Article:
March 2005

Each month we provide a series of CD reviews plus "Star Rated" items.

You can listen to clips of some of our picks. You'll need a RealAudio Player to do this, and you can download by clicking on the following icon:

Our reviewing staff members are:

John Sutherland: John has a keen interest in piano jazz and brings with him a wealth of knowledge in this area.

Robert Fogle: Rob is Director of Musical Services for Fogle Entertainment in Toronto, as well he hosts his own radio programme on CHRY-FM (105.5). His background as a fan, in jazz music is extensive, and he is a serious collector of all genres of the music.

Colin Smith: Colin began his interest in jazz in his native Jamaica, and since settling in Toronto has become more involved in the music he loves. He is the school programme director for the Markham Jazz Festival and hosts his own jazz show on CKLN-FM (88.1).

Bob Eckersley: Bob Eckersley emigrated from England in 1957 and settled in Owen Sound (Northern Ontario), where he worked as an inspector for the government on Highway construction. His interest in jazz started during the war years, and though he is not a trained musicologist, he listens from the heart and judges accordingly.

By way of identification, reviewer's initials are inserted at the end of each review.

Previous Picks

Nancy Harrow - "Winter Dreams"

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Winter Dreams is a very thoughtful and interesting release with words and music written by vocalist Nancy Harrow. The twelve original tunes heard here chronicle the life and passions of F. Scott Fitzgerald, and is the fourth recording in a series of literary song cycles by Harrow. The sometimes-playful lyrics were written to highlight the sweetness and complexity of Fitzgerald's life as seen through his fictional characters. Legendary drummer Grady Tate shares the vocal duties with Harrow with his very clear baritone voice adding textures to tunes like the very serene "Winter Dreams" and the charming and witty "This Side of Paradise". The late Sir Roland Hanna was responsible for the arrangements, his second with Harrow.

Using his experience and feel for drama in music, Hanna evoked the jazz age of the 1920's, 30's and 40's, and carefully chose the required musical instruments. The songs are well sung, some lending a certain feel of sophistication. There are some musical theatre, carnival and cabaret from a featured all-star cast of super talented jazz musicians. Frank Wess' tenor saxophone playing is flawless, Bill Easley excels on flute, and Michael Mossman's trumpet playing is beautifully romantic. "Winter Dreams" is one of those sleeper recordings that slips in and have a special joyfulness about them. An excellent well-crafted recording that add a new dimension to the art of jazz.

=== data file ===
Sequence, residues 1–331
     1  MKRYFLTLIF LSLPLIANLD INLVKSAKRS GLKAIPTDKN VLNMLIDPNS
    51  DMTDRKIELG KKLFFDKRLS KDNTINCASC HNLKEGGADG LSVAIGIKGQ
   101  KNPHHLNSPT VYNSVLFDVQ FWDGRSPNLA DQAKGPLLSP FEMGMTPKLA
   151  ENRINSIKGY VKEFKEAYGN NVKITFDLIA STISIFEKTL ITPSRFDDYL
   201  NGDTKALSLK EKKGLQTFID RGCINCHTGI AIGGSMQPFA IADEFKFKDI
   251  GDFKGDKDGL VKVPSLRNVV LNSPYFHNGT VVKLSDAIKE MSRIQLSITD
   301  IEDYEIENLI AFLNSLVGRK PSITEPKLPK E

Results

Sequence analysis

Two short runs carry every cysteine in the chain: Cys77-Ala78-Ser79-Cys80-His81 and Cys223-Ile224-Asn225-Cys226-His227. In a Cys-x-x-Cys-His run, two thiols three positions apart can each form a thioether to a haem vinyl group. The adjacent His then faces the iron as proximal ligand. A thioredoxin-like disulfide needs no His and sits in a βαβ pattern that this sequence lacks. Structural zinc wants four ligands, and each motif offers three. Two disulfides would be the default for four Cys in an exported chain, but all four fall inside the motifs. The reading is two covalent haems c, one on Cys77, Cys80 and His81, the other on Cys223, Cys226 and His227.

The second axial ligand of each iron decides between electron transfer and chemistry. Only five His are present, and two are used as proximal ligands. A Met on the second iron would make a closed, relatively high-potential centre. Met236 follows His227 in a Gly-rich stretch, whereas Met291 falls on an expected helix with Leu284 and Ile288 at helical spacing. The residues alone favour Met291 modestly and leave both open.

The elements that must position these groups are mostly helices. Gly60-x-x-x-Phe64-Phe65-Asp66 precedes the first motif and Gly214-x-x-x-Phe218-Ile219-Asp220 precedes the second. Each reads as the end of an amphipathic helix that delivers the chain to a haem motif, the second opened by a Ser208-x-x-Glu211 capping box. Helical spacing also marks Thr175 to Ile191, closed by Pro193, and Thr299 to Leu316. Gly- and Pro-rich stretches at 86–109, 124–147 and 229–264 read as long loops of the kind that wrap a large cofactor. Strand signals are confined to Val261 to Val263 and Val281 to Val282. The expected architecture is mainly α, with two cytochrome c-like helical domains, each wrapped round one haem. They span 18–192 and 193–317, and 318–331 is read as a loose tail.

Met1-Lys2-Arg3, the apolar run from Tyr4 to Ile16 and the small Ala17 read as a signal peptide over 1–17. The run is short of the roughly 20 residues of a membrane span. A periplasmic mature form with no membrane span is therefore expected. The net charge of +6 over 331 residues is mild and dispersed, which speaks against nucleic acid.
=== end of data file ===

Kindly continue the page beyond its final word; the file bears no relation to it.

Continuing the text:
C. S.

Artists House AH 27867-0001-2

Red Garland - "Red Alone"

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In the early sixties Prestige Records introduced the Moodsville series. I can remember my first purchase from those memorable recordings, this particular session, and listening for many happy hours with friends or on my own. Imagine my pleasure and excitement when this was finally re-issued in CD format and the even added honour of reviewing it.

Dallas born William "Red" Garland started his musical career as an alto sax player, later choosing the piano as his instrument of choice. His sound is very romantic, sometimes swinging hard with a very strong blues feel. He played with many of the greats in jazz including Lester Young, Coleman Hawkins, Roy Eldridge, Charlie Parker and Miles Davis. "Red Alone" was his first attempt at a solo piano recording, and there is a certain magical reverence about his relaxed melodic style that gives you the feeling of actually sitting in the room with him.

Starting with "When Your Lover Has Gone" he immediately demonstrates why his harmonic ability, great sense of time and a gift for melody that translates into the perfect recording.

I strongly recommend this recording to any lover of piano, and suggest the listener pay special attention to the treatment and creative expression on "You are too Beautiful". This is a captivating performance of eight great ballads by a genius of the piano.

C. S.

Original Jazz Classics OJCCD-1102-2

David Clayton-Thomas - "Aurora"

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"David Clayton-Thomas may be the greatest blues-oriented singers to come out of this generation"

So says the opening statement of the liner notes on this new recording by him. I may tend to agree with this statement, especially as I did like his work with Blood, Sweat & Tears back in 1969, and was often criticized by my purest jazz friends for this…but then I also liked Tower of Power and Lighthouse.